Oh, Edinburgh! Dearest city mother with too many children; lady of grace with so much to do; cherished nursemaid laden with contracts of responsibility. Yet you tend to it uncomplaining. You raise your progeny consistently, watchful over everyone who lives here and passes through as you sleep lightly, keeping one eye half open. I know it is your job as a mother, but it would be OK to complain once in a while, and you never do. You never stagger under the weight of it all, you never lose your footing, you never lock yourself in your bedroom and shout through the door – “Leave me alone! Do it yourself!” Always, you remain poised and elegant and well turned out. Even (and this only happens occasionally, and many don’t even notice) if you wear one of your old cashmere twinsets and it turns out to be a little moth-eaten; even then you still look amazing.
When the grandchildren came along, twice as many as the children you’d had, you did the same thing: nurtured and cared. By example, you showed them how it should be done. Many of them scowled at you and dismissed your advice. Some of the very youngest had the audacity – or foolishness, that might be a kinder interpretation – to tell you, you were wrong, out of date, all washed up. How did you stay so calm? How did you not react and explain that through the years you’d seen it all before and more besides? How did you not boast about your history and knowledge? How did you hold back from saying: ‘l’ve witnessed and come through’? I would have.
Did you ever think you would get a break from it, I wonder? It comes around so rarely, this breathing space. When was the last time? The war? But even during the war, there must have been more activity than there has been this past spring. It was as if all your children and grandchildren had left home at once. Was it a disturbingly empty nest, or did you embrace the opportunity for rest? No one calling for urgent help and needing your attention. It was good to see you resting, reclining, breathing in cleaner air as the days lengthened. Your veins – the streets – unclogged. Your bones – these old stone buildings – still. Your flesh – green parks and gardens – wild and free. You loosened up; allowed yourself to be tended by nature alone.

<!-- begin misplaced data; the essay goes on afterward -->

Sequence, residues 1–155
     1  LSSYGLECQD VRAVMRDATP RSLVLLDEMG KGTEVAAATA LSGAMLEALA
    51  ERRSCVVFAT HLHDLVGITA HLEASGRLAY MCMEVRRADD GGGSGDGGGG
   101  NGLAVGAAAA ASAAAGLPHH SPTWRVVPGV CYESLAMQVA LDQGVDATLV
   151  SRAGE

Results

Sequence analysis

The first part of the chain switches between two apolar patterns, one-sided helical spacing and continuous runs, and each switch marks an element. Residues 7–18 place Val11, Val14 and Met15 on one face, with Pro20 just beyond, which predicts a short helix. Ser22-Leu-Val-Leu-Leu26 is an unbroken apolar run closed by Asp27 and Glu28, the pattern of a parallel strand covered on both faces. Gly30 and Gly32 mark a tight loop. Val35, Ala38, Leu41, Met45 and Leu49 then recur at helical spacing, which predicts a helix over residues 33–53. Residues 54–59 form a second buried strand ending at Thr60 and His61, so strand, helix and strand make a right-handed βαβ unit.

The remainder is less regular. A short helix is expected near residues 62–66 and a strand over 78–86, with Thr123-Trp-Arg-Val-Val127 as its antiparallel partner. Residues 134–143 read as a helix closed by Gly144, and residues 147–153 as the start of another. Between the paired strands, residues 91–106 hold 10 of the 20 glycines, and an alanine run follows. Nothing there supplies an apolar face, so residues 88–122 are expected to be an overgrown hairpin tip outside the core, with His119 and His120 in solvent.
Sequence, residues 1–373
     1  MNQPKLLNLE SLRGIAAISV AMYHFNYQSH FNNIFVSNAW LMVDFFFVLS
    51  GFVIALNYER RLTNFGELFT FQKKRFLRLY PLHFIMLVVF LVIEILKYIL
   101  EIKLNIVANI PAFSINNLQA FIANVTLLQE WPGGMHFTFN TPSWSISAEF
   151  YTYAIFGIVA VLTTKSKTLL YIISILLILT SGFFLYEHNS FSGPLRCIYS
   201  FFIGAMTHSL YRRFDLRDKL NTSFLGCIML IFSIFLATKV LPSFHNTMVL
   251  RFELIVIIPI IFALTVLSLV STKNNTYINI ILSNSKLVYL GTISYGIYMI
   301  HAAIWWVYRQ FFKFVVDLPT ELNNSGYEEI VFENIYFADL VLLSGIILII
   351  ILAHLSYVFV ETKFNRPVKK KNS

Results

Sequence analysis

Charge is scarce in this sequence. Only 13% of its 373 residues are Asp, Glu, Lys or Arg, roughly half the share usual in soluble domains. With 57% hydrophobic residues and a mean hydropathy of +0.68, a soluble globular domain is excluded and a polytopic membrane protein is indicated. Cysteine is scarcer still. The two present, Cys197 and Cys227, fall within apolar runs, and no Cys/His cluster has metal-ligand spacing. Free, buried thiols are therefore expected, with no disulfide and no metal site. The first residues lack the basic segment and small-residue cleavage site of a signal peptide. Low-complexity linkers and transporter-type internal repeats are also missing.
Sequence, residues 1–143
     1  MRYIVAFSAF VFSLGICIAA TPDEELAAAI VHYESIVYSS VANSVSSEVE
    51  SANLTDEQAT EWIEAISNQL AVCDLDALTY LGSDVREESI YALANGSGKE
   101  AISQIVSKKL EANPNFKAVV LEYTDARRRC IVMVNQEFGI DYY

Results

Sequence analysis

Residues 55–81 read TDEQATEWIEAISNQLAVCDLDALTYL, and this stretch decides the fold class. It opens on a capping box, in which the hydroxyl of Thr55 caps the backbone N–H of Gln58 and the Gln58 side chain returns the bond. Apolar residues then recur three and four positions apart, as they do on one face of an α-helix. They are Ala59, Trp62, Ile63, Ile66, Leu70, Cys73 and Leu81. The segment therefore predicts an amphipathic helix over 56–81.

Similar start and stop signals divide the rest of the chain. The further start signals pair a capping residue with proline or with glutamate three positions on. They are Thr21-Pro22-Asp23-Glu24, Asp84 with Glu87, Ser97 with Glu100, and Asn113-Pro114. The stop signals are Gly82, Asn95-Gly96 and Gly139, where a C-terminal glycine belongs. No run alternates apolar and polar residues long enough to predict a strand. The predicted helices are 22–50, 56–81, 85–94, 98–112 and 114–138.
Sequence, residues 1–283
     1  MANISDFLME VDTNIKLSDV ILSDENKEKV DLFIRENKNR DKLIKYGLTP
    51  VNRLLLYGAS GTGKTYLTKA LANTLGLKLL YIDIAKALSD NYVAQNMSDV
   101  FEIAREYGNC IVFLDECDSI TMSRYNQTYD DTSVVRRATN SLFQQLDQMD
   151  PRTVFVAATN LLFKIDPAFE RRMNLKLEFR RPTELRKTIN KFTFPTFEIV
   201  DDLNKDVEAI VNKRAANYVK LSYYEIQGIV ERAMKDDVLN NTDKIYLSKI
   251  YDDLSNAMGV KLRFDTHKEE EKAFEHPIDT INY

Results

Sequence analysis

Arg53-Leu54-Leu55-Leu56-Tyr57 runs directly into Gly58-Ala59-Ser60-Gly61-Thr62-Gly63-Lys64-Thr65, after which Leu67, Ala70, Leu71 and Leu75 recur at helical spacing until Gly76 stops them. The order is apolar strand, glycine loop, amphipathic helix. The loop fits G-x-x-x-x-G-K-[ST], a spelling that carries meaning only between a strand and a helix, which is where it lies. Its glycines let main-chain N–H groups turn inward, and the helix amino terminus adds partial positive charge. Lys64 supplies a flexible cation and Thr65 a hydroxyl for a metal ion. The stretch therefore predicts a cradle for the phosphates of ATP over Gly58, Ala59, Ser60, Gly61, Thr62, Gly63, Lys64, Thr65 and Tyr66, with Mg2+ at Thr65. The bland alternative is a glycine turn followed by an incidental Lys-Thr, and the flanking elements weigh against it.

And now it is August and still they have not returned, your enormous family, who usually bring back hordes of friends, interlopers, raggle-taggle stragglers for the height of summer. Where are the duffle bags, the guitars, the vintage clothes, the muddy shoes, the stay-up-laters? What’s happened to not knowing who’s going to turn up at the door needing a bed and a hot meal and a shoulder to cry on after a duff review? Where have the street performers gone? Where is the lady with the dancing dog; the old man and a puppet; the young men dressed as sailors who’ve never been to sea; the conjuring magician calling, ‘roll up, roll up, I’m free!’
This ought to be the month you stay awake all night, and yet, this year, all is quiet. There are gulls and pigeons and swallows, and buses that are a quarter full, and parks where the grass has begun to be cut. There is a little outside revelry where locals sit in circles sharing picnics, popping corks as babies lean to walk. You might not be in the deep sleep of April and May, or the gentle stretching, slow waking of June, but you are still relaxing, unburdened of the annual frenzy of August. You are lighter.
The light, ah yes, the light! They lit you up last night, your profile shining in the dark, your beauty illuminated, reminding me that age can be radiant. And I was there in the darkness, on high Calton Hill, where strobes lit up the sky as we stared up in silence at your light shining on. Enjoy this rest, your children will return.